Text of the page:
Tips for Bringing Your Dog to Work

by Sundays

Spending the day with an office dog has benefits for all involved, here's how to bring your dog to work and still be productive.

Whether you’re doing a hybrid scenario, working from the office a few days a week, or you’re in the office full-time, it’s got to be hard saying bye to your best pup in the morning. Hopefully, you’re lucky enough to work for a company that allows you to bring your dog to work so you can minimize those sad-eyed goodbyes. Or at least, we hope they celebrate Bring Your Dog to Work Day!

Spending the day with an office dog has benefits for all involved. For one, your dog won’t be bored or go through separation anxiety. It can help keep your stress levels down, too (think about being able to cuddle from your pup after a particularly difficult meeting). Plus, it can encourage you to get up and take a walk and interact with other employees you may have never met otherwise.

Tips for Bringing Your Dog to Work

Before you’ve packed their little office dog bag, though, here are some tips to keep in mind when you bring your dog to work.

Find out the rules for office dogs

Check with your human resources department to see if they have specific rules for office dogs. Many companies require that your dog be up to date on vaccines and on flea and tick prevention before they are allowed in the building. They may also have rules for when your dog is at the office, like keeping them on a leash or with you (or a nice coworker) at all times, whether they can ride in elevators, or taking them to go potty in designated areas outside. You don’t want your dog’s first day as an office dog to be their last because of one of these rules.

Consider bringing a pet pen

Yes, your dog is cute and loveable and would never hurt anyone, but not everyone knows that. You also never know how your dog will react in an office setting, so they might be too excited to meet new people, and those people may be less excited than your dog. Keep in mind that some people have a fear of dogs and don’t want to be approached or caught off guard. 

You can always put up a small pet pen around your area to keep your dog enclosed, and then you won’t have to keep them on a leash. If you have dog lovers around you, they might even want to be in the dog area, too.

Set up a cozy spot for snoozing

Sounds nice, right? At least someone will get to nap while you’re hard at work! Bring along your pup’s favorite bed and blankie, and their favorite stuffies if they have any. You may also want to play some calming music or turn on white noise to help them get settled in for nap time.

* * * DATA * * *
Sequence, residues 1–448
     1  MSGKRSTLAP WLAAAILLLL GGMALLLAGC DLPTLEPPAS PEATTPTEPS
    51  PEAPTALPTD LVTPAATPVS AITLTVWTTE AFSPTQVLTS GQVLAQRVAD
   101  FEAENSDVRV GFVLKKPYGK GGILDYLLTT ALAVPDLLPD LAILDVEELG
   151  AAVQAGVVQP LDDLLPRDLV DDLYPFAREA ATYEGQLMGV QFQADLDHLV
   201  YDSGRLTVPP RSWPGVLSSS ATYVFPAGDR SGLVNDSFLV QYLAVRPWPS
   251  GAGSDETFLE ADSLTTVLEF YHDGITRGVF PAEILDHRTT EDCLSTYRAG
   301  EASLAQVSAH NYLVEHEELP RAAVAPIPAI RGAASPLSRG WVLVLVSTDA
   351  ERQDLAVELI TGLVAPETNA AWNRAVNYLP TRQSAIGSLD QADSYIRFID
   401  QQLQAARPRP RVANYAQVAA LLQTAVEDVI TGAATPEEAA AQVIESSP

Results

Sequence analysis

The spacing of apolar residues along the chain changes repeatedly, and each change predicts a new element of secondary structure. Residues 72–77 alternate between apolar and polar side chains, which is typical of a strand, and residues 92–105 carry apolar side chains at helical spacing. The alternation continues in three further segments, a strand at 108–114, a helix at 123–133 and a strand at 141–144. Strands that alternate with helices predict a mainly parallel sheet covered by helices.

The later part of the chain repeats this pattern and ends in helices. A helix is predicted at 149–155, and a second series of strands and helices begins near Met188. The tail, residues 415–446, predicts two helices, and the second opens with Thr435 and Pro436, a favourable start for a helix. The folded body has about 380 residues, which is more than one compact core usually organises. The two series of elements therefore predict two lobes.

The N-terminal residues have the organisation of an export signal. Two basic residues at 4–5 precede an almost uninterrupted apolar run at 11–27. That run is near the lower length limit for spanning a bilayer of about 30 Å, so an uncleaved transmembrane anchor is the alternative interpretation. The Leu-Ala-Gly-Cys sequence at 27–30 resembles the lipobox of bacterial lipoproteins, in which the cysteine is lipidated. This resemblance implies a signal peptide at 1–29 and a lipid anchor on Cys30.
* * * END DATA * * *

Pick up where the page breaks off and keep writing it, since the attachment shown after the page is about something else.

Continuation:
Bring busy toys

Just like if you were bringing a toddler to the office, you’ll need to bring something to keep your office dog busy. They will want your attention, and you won’t be able to give it to them all day long–you still have to do your job, too. 

You might even want to get a few new puzzle toys that your dog hasn’t tried yet, along with a tried and true toy like a stuffed KONG or treat toy, a favorite chew toy, or an antler if your dog is into those. That way, your meetings won’t be interrupted by repeated barks of “look at me!” and “whatcha doing?”

Be prepared for accidents

This one can be super embarrassing, for you, of course, not your dog. Imagine the excitement of bringing your dog to work, walking down a long hallway and getting ready to open the door to your office, when your dog gets into position. Yes, THAT position, looking at you with their back all hunched up. And you have nothing with you to clean it up. Don’t let this happen to you.

First, take your dog on a walk around the building to go potty before you go in. And second, get your accident cleanup kit ready before anything else. You’ll need some paper towels, poop bags, and an enzymatic floor cleaner that’s good for all types of floors. Even dogs that don’t have accidents can get super excited and forget to go potty before they get inside.

Be considerate of coworkers

If you find out that some coworkers are allergic to dogs, or not that fond of dogs (or your dog), or that your dog can’t keep from barking every time someone gets up or walks by, make sure you have a plan B. You may need to relocate if possible or even find a small meeting room where you can hang out for the rest of the day where you won’t bother coworkers. Be sure to check with everyone in the immediate area to see if they have any issues with you bringing your dog to work so you don’t hear about them later through someone else.

Be flexible

Every dog parent would love to turn their pup into an office dog. Just be prepared to accommodate your dog’s needs and your coworkers’ needs as you figure out what kind of office dog your best buddy will be. They might be made for the job, but it also might take a little time to adjust. 

One thing that can help is keeping your pup’s routine as consistent as possible. If you feed Sundays for Dogs, it's easy to bring along to work, so lunchtime is covered. Other things don’t have to happen at exactly the same time as they would at home, but they should happen in the same order and as close to the same time as you can get. Once you and your dog get into the new routine, you’ll forget there even was a time before your dog was your coworker.

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